- Subject index
The SAGE Handbook of Frankfurt School Critical Theory expounds the development of critical theory from its founding thinkers to its contemporary formulations in an interdisciplinary setting. It maps the terrain of a critical social theory, expounding its distinctive character vis-a-vis alternative theoretical perspectives, exploring its theoretical foundations and developments, conceptualising its subject matters both past and present, and signalling its possible future in a time of great uncertainty. Taking a distinctively theoretical, interdisciplinary, international and contemporary perspective on the topic, this wide-ranging collection of chapters is arranged thematically over three volumes: Volume I: Key Texts and Contributions to a Critical Theory of Society Volume II: Themes Volume III: Contexts This Handbook is essential reading for scholars and students in the field, showcasing the scholarly rigor, intellectual acuteness and negative force of critical social theory, past and present.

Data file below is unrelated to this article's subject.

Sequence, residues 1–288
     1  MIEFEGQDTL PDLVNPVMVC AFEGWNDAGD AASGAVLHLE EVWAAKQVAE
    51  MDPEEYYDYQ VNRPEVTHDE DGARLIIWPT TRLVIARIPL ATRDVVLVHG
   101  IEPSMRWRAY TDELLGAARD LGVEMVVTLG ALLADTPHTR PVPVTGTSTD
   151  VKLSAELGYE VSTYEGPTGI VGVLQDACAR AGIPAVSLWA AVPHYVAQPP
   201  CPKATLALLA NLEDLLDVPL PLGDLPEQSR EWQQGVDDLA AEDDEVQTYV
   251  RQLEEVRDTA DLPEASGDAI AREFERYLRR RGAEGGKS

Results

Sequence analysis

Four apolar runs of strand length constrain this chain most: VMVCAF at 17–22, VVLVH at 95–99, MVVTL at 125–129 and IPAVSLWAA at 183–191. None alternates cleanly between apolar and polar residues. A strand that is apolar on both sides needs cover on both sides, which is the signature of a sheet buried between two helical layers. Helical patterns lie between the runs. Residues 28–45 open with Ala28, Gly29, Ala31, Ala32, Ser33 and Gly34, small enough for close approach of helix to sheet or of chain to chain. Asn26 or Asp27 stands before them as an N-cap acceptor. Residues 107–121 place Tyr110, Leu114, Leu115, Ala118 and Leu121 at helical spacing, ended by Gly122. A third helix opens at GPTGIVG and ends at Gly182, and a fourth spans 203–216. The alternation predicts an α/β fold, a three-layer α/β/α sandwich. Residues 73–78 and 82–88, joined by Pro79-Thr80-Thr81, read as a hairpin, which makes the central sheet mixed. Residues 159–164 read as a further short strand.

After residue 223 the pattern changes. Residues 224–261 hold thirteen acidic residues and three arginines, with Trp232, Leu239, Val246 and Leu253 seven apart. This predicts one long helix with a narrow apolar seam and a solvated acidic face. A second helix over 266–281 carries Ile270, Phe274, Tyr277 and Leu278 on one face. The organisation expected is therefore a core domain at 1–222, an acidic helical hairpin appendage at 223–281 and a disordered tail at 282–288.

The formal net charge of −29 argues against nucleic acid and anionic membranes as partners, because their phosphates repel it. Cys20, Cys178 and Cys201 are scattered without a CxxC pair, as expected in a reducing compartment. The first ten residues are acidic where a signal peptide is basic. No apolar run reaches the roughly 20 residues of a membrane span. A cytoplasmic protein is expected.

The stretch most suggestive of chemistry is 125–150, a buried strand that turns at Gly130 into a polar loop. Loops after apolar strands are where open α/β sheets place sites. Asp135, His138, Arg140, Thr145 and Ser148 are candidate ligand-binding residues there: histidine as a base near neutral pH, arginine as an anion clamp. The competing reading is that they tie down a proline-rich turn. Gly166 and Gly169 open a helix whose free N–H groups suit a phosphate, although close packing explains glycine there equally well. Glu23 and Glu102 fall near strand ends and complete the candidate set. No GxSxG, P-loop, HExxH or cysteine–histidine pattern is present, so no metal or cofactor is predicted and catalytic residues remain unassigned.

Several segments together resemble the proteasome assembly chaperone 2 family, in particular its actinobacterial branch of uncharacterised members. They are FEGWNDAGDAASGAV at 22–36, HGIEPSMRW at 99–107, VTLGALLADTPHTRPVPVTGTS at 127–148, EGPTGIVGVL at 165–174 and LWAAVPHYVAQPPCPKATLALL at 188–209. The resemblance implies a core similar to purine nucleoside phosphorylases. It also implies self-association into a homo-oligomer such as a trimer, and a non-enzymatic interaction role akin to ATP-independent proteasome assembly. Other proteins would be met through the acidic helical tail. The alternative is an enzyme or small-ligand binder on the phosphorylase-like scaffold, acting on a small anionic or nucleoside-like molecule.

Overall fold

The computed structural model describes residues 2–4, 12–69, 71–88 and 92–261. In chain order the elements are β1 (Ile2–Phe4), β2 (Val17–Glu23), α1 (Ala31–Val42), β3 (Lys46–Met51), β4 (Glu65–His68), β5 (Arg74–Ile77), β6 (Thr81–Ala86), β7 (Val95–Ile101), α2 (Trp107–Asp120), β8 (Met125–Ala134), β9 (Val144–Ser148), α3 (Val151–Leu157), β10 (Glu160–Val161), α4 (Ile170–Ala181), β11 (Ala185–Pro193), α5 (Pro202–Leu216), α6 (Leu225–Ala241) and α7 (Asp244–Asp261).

Chapter 64: Cinema – Spectacle – Modernity
Cinema – Spectacle – Modernity
The Culture Industry
‘Every visit to the cinema leaves me, against all my vigilance, stupider and worse’. This sentence, which occurs halfway through the fifth aphorism of Theodor W. Adorno’s Minima Moralia (2005: 25), would appear to sum up a received notion about critical theory’s engagement with cinema, mass media, and spectacle. According to this line of thinking, spelled out most explicitly in the chapter on the ‘Culture Industry’ in Dialectic of Enlightenment, cinema degrades even the most critical subject. More radically and perniciously, the culture industry produces and reproduces the modern subject in the first place. Fusing a non-determinist Marxism with Freudian categories, critical theory lends significant weight ...